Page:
Scott arrived at the airport and got himself over to the hotel, just a few minutes' drive from ABC Technologies where his interview would take place the next morning. At check-in, the desk clerk handed him a manila folder with his name on it. Someone from ABC, most likely Reggie Singh, his networking contact, had dropped it off for him. It contained a copy of the company’s annual report and some literature from the Chamber of Commerce about the area, including a realtor’s card and real estate flyers. He had sticker shock after a brief look.
“Toto, we aren’t in Kansas any longer,” he thought, remembering the classic line from The Wizard of Oz. Scott put his dress shirt and suit on a hanger and looked at his watch. He was scheduled to meet Reggie and his prospective boss, Susan Finnegan, in the lobby in 20 minutes. He considered whether or not to wear the suit for dinner but remembered that his fellow diners were coming right from work and, besides, it was just the Macaroni Grill and not a fine dining experience. He selected a fresh polo shirt and a nicely pressed pair of Dockers.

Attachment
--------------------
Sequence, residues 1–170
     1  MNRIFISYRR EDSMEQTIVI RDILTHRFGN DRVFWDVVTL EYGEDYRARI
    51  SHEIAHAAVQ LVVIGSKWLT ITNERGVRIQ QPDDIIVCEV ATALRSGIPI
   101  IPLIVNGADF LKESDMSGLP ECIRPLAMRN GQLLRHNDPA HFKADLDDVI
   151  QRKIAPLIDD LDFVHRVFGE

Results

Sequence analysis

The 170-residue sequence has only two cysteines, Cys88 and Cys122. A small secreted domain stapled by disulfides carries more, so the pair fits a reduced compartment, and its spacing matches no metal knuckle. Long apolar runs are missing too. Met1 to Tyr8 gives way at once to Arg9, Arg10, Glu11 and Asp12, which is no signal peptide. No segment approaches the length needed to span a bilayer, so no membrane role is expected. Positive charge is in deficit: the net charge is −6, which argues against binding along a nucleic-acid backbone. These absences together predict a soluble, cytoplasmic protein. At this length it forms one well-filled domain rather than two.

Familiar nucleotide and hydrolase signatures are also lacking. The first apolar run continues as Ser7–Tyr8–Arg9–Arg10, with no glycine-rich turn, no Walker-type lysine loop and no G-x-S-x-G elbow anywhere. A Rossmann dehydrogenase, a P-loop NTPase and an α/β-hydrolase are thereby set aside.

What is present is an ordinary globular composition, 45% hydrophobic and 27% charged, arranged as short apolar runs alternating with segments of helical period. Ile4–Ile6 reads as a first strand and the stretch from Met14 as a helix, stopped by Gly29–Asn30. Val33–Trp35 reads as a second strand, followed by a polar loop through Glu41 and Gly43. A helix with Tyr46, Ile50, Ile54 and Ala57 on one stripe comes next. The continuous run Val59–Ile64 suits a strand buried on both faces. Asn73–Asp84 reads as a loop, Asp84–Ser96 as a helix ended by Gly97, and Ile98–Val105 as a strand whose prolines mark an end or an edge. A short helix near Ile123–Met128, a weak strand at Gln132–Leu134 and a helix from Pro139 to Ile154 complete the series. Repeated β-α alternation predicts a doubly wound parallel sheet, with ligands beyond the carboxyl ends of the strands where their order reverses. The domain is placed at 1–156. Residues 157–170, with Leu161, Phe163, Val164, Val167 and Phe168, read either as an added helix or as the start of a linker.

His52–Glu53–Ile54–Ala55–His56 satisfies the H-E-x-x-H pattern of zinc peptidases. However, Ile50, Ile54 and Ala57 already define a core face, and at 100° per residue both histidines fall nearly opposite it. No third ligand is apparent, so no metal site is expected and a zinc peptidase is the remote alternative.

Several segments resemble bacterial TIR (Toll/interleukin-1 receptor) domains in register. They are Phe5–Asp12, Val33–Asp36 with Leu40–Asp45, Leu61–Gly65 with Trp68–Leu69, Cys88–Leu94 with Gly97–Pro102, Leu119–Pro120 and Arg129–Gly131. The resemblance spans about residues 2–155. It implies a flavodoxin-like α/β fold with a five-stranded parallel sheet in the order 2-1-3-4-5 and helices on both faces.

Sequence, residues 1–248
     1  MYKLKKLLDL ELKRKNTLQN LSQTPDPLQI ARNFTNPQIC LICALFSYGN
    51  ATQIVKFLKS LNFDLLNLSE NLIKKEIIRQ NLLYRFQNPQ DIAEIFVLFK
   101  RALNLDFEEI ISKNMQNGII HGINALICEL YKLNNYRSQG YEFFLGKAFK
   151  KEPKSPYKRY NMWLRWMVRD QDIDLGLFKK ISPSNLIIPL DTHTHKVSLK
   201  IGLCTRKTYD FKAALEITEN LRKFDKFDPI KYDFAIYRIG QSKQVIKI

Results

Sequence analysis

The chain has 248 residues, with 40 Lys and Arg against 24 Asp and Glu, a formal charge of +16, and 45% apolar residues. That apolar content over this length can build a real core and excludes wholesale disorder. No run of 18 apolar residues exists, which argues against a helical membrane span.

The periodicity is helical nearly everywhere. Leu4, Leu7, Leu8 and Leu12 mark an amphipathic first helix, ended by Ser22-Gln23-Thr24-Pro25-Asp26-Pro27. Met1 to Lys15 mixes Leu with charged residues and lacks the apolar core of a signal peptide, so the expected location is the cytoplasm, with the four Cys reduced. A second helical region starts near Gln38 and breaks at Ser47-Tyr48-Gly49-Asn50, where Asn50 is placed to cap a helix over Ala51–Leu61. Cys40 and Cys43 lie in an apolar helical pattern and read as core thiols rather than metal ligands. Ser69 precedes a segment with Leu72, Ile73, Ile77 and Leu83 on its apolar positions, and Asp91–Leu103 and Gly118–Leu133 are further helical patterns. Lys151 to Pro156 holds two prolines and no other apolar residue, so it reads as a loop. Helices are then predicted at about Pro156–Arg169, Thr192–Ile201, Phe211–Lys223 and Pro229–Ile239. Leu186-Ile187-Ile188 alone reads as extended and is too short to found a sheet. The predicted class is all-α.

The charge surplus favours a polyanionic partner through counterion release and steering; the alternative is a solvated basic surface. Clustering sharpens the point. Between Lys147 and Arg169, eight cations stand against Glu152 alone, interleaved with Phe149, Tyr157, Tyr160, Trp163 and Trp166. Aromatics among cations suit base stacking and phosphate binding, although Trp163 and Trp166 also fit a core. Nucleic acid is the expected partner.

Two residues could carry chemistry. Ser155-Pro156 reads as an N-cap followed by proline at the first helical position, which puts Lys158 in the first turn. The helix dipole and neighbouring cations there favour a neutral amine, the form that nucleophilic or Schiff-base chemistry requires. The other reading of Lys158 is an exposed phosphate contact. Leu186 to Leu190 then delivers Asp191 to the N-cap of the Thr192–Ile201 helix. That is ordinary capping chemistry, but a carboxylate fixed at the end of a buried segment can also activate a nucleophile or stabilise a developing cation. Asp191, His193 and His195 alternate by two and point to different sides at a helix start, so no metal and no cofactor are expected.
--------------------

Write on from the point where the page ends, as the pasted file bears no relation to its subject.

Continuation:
Mary Louise Rappaport, director of staffing at ABC Technologies, prepared for the first meeting of the day. She had three interviews lined up, two of them for that hard-to-fill warehouse supervisor role they’d had open for the last month, and one for the research scientist position that Susan Finnegan had been angling to fill. After a quick glance at Scott Jackson’s curriculum vitae (CV) to refresh her memory, she invited him into the small conference room, inquiring about coffee as they shook hands. She buzzed her colleague, Human Resources Manager Bill Buxton, and asked him to join them.